I was very ill and everyone asked me to take a rest. No one succeeded to induce me. Finally a Woman said: “I will go with you. Will you go?” We went. We tramped together day and night. In the mountains. Over snow. In the moonlight. In the glaring sun. We had no food. No word was said. The Woman grew paler and paler as the days and nights passed by. She could hardly walk. I helped her. And still no word was uttered. Finally the Woman collapsed and she said, in a voice hardly audible: “Food — Food — I must have food.” And I answered: “Food — Food –, Child, we are in a world where there is no Food — just Spirit — Will.” And the Woman looked piteously at me and said, half dead: “Food — Food” – and I kissed the Woman, and as I did that there stood before the Woman all sorts of wonderful food — on a simple wooden table, and it was Springtime. And as the Woman began to eat ravenously — conscious of nothing but Nature’s Cry for Food, I slipped away. And I continued walking Onward. —— I heard a distant cry. I awoke.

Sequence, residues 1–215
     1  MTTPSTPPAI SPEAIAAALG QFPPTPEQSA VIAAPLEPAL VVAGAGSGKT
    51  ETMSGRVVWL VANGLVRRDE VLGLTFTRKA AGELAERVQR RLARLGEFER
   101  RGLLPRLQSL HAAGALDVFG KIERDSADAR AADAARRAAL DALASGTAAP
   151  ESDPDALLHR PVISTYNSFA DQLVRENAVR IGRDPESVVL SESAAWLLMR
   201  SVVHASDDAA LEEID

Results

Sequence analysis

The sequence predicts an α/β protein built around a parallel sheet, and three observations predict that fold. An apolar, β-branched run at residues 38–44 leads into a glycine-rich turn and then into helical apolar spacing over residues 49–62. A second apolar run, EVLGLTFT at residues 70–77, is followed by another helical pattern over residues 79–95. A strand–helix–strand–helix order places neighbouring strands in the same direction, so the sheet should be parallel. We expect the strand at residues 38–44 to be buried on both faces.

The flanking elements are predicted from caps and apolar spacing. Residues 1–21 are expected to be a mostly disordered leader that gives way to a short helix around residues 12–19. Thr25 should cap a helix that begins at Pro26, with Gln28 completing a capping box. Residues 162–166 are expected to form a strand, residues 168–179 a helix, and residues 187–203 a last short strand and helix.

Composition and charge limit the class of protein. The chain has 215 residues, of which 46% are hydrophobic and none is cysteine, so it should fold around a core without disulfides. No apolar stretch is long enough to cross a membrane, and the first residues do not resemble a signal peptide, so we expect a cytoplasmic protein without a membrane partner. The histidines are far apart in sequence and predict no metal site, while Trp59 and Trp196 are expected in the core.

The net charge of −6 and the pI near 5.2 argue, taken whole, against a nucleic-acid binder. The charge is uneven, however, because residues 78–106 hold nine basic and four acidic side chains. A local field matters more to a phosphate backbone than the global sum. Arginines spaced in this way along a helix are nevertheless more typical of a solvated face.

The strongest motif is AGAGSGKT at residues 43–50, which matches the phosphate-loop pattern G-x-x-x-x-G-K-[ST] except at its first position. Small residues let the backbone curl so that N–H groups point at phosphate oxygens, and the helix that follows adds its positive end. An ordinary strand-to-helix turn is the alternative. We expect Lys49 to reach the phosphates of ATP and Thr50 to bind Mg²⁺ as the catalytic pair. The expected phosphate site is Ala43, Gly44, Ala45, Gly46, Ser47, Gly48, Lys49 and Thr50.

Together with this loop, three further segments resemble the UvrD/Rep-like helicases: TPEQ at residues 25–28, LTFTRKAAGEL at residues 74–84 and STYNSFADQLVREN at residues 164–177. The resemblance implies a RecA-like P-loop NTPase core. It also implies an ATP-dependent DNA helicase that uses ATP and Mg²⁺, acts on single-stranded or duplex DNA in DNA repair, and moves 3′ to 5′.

Alfred Stieglitz, One Hour Sleep: Three Dreams, 1915